Making A Digital Clock A Little More Intuitive

Digital clocks are extremely useful and generally considered pretty easy to read. However, they can sometimes have rather arcane interfaces for setting the time and alarms. For [Michael Wessel], he noted that in the 1980s he had to routinely help his grandparents set their clocks for this very reason. That inspired his most recent project – a digital clock that’s intuitive to use.

Many digital clocks work in the same way, in which a digit of the time is set, before another button is pressed to cycle to the next digit. This can get confusing, so [Michael] went a different way. Instead, each digit can be cycled through using its own button, which can make things easier. It’s not readily apparent how one chooses to set the time, date, or alarm, but it’s an interesting take on how to create such an interface.

The clock relies on an Arduino Mega to run the show, with an RTC for timekeeping and a temperature sensor to boot. There’s also a sound sensor, which allows the alarms to be shut off with the clap of a hand or by shouting “STOP” at the alarm. Overall, it’s a tidy build with that hacker-favourite seven-segment aesthetic. Of course, you can take that very concept to its extremes, too. Video after the break.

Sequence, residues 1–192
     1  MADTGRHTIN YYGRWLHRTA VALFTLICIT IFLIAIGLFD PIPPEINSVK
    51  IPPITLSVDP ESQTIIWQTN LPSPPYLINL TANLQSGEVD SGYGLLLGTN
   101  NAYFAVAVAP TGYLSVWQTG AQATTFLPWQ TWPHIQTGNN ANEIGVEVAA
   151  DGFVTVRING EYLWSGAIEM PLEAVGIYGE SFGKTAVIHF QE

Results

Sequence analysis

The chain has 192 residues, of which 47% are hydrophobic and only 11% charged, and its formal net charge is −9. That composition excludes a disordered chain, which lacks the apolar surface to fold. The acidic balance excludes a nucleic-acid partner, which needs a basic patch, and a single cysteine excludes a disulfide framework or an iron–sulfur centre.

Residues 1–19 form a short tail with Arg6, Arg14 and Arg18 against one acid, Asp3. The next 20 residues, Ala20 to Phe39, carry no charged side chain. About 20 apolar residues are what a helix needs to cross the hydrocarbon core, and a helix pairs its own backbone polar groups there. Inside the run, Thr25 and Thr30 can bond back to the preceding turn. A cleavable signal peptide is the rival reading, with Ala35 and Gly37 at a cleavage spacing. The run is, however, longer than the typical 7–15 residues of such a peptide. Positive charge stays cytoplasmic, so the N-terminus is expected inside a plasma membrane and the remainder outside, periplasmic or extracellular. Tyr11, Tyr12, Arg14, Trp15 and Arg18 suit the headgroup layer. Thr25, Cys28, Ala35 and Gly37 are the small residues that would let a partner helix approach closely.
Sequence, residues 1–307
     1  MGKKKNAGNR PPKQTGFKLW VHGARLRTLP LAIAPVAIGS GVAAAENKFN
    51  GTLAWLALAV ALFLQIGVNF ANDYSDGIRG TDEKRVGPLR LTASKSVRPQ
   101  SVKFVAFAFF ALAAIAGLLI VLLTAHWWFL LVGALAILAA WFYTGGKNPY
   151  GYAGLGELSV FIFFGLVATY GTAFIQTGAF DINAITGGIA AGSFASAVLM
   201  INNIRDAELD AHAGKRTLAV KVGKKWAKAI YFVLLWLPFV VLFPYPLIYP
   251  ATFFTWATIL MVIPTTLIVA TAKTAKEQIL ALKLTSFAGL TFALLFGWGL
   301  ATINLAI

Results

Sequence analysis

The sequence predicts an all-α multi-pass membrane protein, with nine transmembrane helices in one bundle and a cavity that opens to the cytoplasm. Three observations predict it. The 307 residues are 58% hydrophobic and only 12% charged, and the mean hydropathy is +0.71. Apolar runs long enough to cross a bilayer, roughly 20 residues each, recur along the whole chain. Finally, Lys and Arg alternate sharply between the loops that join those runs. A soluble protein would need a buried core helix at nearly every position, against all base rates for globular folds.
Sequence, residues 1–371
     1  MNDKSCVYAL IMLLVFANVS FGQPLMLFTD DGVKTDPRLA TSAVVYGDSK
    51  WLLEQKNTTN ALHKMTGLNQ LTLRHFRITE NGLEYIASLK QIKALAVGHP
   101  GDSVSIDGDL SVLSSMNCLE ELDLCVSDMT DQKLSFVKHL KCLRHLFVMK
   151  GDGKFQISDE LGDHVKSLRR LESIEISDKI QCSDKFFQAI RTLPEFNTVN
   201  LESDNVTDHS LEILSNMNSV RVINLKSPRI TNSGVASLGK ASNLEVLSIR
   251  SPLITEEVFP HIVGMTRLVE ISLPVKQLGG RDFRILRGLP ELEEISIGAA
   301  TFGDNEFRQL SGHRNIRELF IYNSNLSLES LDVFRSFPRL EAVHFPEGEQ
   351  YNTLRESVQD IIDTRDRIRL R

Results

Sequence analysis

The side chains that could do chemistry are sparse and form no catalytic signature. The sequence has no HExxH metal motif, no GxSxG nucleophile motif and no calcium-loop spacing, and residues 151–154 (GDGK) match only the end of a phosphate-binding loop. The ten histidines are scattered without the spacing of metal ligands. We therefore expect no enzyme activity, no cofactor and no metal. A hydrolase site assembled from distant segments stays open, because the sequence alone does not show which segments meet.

19 thoughts on “Making A Digital Clock A Little More Intuitive

  1. It has been so long since I’ve seen a digital clock set by cycling the digits that I’d almost forgotten the tech had ever existed.

    An hour button and a minute button seems pretty ubiquitous on all basic clocks these days. Any change from that is pretty counter-intuitive. As you say in the article, it’s not very intuitive. There’s always the option to forgo setting the clock and include a network module or GPS rather than the RTC. It is an interesting build and clock projects are always fun.

    1. Think of an actual digital wristwatch. Most of them one button when pressed cycles the functions, when held enters programming mode, and in programming mode it cycles through all the digits and functions. Finally another changes the values that are blinking.

      Man we are spoiled nowadays.

  2. Having to “set” a clock is a bit of an anachronism (my clocks set themselves).

    If you really want to do it right manually though, include a knob with a rotary encoder. It’s a great interface that gives excellent coarse/fine control, and is completely intuitive.

  3. Agree with additional rotary encoder. Would be a good addition! And retro enough that it fits the clock’s theme as well – I first saw rotary encoders around in 1987 or so in Waldorf Microwave synthesizers I believe.

  4. Three buttons for all features
    Mode displayed on 4-digit display

    1. Select function to be modified
    2. Increment / up
    3. Decrement / down.
    Timeout after 5-10 secs of inactivity

    Set time
    Brightness
    Alarm time
    Step up to daytime brightness
    Step down to evening brightness
    Brightness change slope speed
    (more could be added)